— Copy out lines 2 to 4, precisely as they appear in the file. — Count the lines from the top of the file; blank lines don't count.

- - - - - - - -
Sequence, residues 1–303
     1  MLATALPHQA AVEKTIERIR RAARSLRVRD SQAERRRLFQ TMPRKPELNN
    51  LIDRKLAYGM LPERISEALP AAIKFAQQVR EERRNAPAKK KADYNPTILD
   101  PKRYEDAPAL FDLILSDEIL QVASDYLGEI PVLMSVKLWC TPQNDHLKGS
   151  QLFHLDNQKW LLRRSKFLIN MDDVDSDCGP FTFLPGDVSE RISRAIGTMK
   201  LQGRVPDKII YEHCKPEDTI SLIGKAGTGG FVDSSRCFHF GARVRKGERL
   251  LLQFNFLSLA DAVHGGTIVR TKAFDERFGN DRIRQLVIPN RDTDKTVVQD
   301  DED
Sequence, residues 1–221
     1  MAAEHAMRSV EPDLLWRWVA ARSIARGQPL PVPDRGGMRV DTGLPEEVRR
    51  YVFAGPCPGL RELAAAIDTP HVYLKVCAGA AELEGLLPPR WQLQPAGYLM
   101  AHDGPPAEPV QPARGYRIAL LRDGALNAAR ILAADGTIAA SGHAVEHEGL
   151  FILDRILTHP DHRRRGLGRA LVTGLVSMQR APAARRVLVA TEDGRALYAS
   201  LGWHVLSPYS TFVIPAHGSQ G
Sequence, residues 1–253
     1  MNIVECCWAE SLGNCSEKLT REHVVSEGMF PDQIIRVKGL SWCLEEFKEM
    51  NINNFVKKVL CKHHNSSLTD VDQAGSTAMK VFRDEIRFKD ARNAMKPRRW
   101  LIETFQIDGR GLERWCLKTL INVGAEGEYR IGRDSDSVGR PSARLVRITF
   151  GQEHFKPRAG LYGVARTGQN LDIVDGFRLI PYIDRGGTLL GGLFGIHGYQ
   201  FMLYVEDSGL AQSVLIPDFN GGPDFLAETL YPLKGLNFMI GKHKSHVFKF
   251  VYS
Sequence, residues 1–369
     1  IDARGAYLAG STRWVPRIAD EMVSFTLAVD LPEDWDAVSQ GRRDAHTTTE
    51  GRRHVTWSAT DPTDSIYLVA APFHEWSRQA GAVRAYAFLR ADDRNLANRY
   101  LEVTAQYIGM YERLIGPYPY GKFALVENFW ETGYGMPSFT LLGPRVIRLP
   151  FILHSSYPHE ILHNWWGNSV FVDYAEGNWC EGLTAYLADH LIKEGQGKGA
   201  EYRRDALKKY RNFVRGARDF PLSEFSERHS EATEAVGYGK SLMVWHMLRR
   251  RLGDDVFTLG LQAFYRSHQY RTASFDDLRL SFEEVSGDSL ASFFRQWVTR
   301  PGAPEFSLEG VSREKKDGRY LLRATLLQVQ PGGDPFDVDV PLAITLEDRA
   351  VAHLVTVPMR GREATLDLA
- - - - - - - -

     1  MLATALPHQA AVEKTIERIR RAARSLRVRD SQAERRRLFQ TMPRKPELNN
    51  LIDRKLAYGM LPERISEALP AAIKFAQQVR EERRNAPAKK KADYNPTILD
   101  PKRYEDAPAL FDLILSDEIL QVASDYLGEI PVLMSVKLWC TPQNDHLKGS